If you do not do something to preserve fresh meat, it tends to go bad rather quickly. Early humans discovered that eating fresh kill was healthier than eating days or weeks old flesh. Italians in Naples may be discovering the same thing:
Italian police arrested a Naples butcher after discovering worm-infested meat for sale in his store that was 10 years past its expiry date, the ANSA news agency reported Friday.

Shocked food safety inspectors discovered pasta and biscuits crawling with parasites, rotting meats and dairy products, and olives covered in mold in the store of horrors.

The butcher tampered with expiry dates on the products in order to keep on selling the items, even though some were a decade old, the report said.

Police arrested the butcher on suspicion of endangering public health. _FoxDC
Of course, the worms just add to the protein content. But seriously, how did the butcher preserve meat so well that it could be sold to conscious humans after ten years?

Curing Meat
Thousands of years ago, man figured out that salting and smoking meat could retard spoilage and improve flavor. One old-fashioned and time-tested method is the salt barrel. Packed in a barrel of salt, meat will last almost indefinitely. However, salt is a commodity like anything else: unless you have access to an unlimited supply of it, the salt barrel is a very resource intensive method of food preservation. Meat is often salt cured and smoked, but by itself, that is more for flavor than actual preservation. Ironically, the relatively low temperatures at which meat is smoked actually encourages the growth of one very serious pathogen: Botulism.

...To effectively preserve meat in a survival situation, you need only have two things: Salt and Sodium Nitrate. With these two ingredients, you can produce an unbelievable variety of cured and preserved meats that are ready for long term storage or immediate consumption, and eaten “raw” or cooked.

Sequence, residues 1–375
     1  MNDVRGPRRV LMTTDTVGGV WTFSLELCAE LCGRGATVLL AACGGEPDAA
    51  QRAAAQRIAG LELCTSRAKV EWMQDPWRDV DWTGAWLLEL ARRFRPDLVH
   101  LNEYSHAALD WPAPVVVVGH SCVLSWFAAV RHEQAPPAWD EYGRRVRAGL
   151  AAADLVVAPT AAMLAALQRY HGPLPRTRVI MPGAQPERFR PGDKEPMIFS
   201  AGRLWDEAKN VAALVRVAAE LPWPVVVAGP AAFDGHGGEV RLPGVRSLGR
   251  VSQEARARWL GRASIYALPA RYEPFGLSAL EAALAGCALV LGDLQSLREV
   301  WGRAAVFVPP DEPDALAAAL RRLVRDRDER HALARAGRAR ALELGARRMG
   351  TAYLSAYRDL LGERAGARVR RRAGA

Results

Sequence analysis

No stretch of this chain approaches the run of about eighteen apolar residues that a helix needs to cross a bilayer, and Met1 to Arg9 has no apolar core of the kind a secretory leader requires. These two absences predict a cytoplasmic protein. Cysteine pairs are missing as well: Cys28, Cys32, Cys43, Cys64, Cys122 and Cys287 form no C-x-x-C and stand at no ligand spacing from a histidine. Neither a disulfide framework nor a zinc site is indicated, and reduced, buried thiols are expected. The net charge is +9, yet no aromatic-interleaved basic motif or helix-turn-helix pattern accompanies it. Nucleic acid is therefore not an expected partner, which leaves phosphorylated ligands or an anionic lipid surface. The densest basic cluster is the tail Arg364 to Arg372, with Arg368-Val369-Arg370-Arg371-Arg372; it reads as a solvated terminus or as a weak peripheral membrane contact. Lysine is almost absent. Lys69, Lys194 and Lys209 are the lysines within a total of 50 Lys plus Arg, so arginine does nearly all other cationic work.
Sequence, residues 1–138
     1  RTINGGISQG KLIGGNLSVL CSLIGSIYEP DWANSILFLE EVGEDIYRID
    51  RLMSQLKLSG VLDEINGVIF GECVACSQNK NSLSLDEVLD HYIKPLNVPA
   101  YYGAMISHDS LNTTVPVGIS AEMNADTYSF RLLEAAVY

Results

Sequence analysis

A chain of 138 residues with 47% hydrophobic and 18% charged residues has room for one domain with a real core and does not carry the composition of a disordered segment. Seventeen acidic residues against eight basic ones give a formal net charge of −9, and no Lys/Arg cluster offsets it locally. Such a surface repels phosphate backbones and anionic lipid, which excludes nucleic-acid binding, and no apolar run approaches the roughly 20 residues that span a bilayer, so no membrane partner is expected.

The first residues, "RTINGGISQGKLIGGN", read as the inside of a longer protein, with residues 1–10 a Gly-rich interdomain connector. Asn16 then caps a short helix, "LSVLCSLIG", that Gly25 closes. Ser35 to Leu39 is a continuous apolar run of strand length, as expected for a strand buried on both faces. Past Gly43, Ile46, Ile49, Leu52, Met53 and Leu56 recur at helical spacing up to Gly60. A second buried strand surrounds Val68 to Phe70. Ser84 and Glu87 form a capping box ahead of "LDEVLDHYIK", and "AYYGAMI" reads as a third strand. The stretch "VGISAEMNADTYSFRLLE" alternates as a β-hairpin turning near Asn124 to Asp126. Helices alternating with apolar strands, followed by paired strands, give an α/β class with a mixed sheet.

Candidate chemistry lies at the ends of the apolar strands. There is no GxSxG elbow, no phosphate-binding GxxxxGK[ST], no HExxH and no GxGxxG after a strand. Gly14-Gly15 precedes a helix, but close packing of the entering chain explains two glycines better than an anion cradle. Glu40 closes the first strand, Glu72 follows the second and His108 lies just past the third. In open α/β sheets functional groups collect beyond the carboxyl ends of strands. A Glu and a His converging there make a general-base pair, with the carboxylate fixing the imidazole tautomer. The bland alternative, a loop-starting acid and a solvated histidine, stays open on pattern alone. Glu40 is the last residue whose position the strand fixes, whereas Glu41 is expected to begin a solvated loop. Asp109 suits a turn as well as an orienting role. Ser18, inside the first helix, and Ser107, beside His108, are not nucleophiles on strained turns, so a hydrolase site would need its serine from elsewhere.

...To dry-cure the meat:
Wrap it in cheesecloth. This is to discourage insects. Hang it in a humid, cool environment. 70% humidity and 55 degrees Fahrenheit are ideal. Humidity may be increased by placing a container of salted water near the meat. Somewhat paradoxically, higher humidity actually yields better results. It may slow the curing process a bit, but in the absence of sufficient humidity, the outer surface of the meat will dry and lock moisture in, causing spoilage. A cellar or even an uninhabited cave is an ideal curing chamber. An unused refrigerator will work as well.

Depending on climate conditions, size, and type of meat, this can take anywhere from a week to several months. A ham should be cured for six months; a pork belly or duck breast only needs a week. It is ready when it has reduced its weight by a third, or just feels “cooked.” You may cook the meat after it is cured, or eat it as is. You can store it by leaving it to hang in the curing environment. It should last almost indefinitely, and add flavor and variety to your diet. _SurvivalBlog
So, according to the author of the piece above, dry cured meat "should last almost indefinitely." That is reassuring, should the power ever go down for 10 or 20 years.

Apparently butchers cannot get away with selling 20 year old meat, but if you are willing to practise the art of dry-curing until you become an expert at the craft, you may be able to put in a good supply of long-term meat, without depending upon a deep freeze to keep the meat edible.

Just something to consider as the moocher in chief doubles down on his lifetime revolutionary goals.

More: Drug-resistant bacteria are commonly found in supermarket meat and poultry. Is food irradiation the answer? Perhaps yet one more reason for stocking your survival compound with a small modular nuclear reactor.